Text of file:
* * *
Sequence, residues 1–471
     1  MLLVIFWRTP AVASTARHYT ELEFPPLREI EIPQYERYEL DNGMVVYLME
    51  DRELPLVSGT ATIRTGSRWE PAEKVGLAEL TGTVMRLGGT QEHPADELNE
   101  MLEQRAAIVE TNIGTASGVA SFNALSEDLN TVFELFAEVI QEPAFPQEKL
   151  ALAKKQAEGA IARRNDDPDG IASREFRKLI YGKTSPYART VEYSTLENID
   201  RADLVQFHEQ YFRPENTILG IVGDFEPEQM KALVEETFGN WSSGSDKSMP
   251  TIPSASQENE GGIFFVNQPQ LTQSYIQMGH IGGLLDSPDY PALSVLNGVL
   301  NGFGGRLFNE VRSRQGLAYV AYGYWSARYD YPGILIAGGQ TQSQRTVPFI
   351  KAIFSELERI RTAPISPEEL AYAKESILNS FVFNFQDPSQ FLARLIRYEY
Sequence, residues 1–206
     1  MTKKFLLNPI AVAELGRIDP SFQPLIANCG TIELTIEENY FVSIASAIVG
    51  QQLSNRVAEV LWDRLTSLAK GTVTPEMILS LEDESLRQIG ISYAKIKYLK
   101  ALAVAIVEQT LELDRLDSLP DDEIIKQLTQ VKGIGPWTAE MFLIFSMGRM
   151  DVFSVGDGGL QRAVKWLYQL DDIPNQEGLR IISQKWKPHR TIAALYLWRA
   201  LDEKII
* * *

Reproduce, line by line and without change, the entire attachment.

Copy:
Sequence, residues 1–471
     1  MLLVIFWRTP AVASTARHYT ELEFPPLREI EIPQYERYEL DNGMVVYLME
    51  DRELPLVSGT ATIRTGSRWE PAEKVGLAEL TGTVMRLGGT QEHPADELNE
   101  MLEQRAAIVE TNIGTASGVA SFNALSEDLN TVFELFAEVI QEPAFPQEKL
   151  ALAKKQAEGA IARRNDDPDG IASREFRKLI YGKTSPYART VEYSTLENID
   201  RADLVQFHEQ YFRPENTILG IVGDFEPEQM KALVEETFGN WSSGSDKSMP
   251  TIPSASQENE GGIFFVNQPQ LTQSYIQMGH IGGLLDSPDY PALSVLNGVL
   301  NGFGGRLFNE VRSRQGLAYV AYGYWSARYD YPGILIAGGQ TQSQRTVPFI
   351  KAIFSELERI RTAPISPEEL AYAKESILNS FVFNFQDPSQ FLARLIRYEY
Sequence, residues 1–206
     1  MTKKFLLNPI AVAELGRIDP SFQPLIANCG TIELTIEENY FVSIASAIVG
    51  QQLSNRVAEV LWDRLTSLAK GTVTPEMILS LEDESLRQIG ISYAKIKYLK
   101  ALAVAIVEQT LELDRLDSLP DDEIIKQLTQ VKGIGPWTAE MFLIFSMGRM
   151  DVFSVGDGGL QRAVKWLYQL DDIPNQEGLR IISQKWKPHR TIAALYLWRA
   201  LDEKII